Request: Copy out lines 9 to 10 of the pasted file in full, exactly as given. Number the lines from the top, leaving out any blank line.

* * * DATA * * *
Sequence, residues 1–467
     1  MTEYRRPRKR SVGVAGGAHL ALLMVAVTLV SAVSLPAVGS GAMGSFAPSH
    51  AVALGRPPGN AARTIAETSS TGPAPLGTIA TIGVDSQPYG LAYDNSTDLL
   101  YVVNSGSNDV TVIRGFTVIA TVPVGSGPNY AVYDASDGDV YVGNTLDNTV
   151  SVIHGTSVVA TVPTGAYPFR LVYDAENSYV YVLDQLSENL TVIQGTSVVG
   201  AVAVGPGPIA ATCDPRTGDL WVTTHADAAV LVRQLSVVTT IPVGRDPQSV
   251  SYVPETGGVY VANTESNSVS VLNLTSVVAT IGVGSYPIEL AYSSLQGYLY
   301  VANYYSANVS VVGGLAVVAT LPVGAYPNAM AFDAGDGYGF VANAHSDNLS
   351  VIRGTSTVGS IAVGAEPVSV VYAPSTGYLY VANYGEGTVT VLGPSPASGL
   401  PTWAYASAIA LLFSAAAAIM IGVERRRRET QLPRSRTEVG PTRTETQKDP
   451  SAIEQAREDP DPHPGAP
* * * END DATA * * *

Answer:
   351  VIRGTSTVGS IAVGAEPVSV VYAPSTGYLY VANYGEGTVT VLGPSPASGL
   401  PTWAYASAIA LLFSAAAAIM IGVERRRRET QLPRSRTEVG PTRTETQKDP